LITTLE HOUSE ON THE PRAIRIE (2004, 255 mins., Disney): Solid adaptation of Laura Ingalls Wilder’s autobiographical books attempts to adhere more closely to its source than the revered Michael Landon series from the ‘70s, though even here, several changes were made from its source. That said, this good-looking TV mini-series ought to provide ample entertainment for family audiences, with strong production values, solid performances from Cameron Bancroft and Erin Cottrell, and nice cinematography by Robin Loewen. John Cameron’s score is a bit much at times, but otherwise this “Little House” is highly satisfying. Disney’s DVD offers a straight 16:9 transfer with 5.1 Dolby Digital sound and no supplemental features.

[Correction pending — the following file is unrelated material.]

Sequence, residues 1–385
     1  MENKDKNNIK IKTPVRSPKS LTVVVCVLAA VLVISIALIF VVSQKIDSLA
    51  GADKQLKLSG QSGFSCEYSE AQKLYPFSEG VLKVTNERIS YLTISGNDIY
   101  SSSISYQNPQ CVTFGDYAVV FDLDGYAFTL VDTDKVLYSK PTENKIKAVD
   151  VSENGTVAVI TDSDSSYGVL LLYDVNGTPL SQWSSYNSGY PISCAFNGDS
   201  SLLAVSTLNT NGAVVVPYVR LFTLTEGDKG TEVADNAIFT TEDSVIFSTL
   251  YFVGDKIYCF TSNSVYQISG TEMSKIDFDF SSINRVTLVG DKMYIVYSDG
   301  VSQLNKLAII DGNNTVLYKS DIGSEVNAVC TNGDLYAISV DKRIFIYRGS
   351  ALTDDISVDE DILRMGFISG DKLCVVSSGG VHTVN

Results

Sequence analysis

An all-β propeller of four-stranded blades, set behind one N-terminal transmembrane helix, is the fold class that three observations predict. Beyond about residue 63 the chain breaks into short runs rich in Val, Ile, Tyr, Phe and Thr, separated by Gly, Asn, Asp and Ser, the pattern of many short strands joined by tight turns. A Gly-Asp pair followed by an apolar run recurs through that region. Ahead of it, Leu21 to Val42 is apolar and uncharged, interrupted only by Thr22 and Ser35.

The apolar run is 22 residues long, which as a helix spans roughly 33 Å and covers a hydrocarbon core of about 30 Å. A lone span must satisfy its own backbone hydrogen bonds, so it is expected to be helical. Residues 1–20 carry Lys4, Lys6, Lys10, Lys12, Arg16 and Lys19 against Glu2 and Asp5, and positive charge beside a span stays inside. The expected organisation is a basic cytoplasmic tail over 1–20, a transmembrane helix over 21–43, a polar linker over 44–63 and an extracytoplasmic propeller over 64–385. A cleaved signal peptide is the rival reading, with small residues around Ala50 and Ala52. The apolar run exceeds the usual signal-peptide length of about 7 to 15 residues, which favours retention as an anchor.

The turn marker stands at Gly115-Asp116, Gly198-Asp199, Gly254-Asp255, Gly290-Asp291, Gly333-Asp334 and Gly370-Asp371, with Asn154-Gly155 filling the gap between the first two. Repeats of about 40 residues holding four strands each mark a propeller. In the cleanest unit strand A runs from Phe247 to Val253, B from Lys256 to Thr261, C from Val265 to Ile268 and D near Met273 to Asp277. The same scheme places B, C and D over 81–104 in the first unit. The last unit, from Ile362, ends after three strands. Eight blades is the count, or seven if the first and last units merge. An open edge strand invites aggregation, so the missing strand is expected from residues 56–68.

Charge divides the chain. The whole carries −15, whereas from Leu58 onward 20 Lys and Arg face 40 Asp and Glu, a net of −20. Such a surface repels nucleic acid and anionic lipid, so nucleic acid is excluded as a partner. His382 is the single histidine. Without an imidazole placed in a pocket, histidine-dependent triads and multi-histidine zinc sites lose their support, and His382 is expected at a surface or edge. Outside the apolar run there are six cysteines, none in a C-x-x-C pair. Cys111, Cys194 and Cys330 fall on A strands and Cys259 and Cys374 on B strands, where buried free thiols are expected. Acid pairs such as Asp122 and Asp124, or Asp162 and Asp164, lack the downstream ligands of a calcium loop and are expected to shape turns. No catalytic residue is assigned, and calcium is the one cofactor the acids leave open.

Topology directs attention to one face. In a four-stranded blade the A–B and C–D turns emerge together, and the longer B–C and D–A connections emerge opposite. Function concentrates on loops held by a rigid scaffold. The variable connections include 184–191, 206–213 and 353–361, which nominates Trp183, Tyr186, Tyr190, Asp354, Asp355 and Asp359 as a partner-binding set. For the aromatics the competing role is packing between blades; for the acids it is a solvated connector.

AN UNFINISHED LIFE (***, 2005, 108 mins., PG-13; Miramax/Buena Vista): Little-seen, long-delayed drama from director Lasse Hallstrom (who encountered similar trouble with his last effort, “The Shipping News”) stars Robert Redford as a quiet Wyoming man who has to confront his past when his daughter-in-law (Jennifer Lopez), whom he blames for the death of his son, returns to his ranch with her child in tow. Morgan Freeman, Josh Lucas, and Damian Lewis offer strong support to this low-key and well-acted tale, effectively handled by Hallstrom. The Miramax/Buena Vista DVD includes commentary, a Making Of featurette, stills gallery, and a look at the training of Bart the Bear, who makes his (sadly) final screen appearance in “An Unfinished Life.”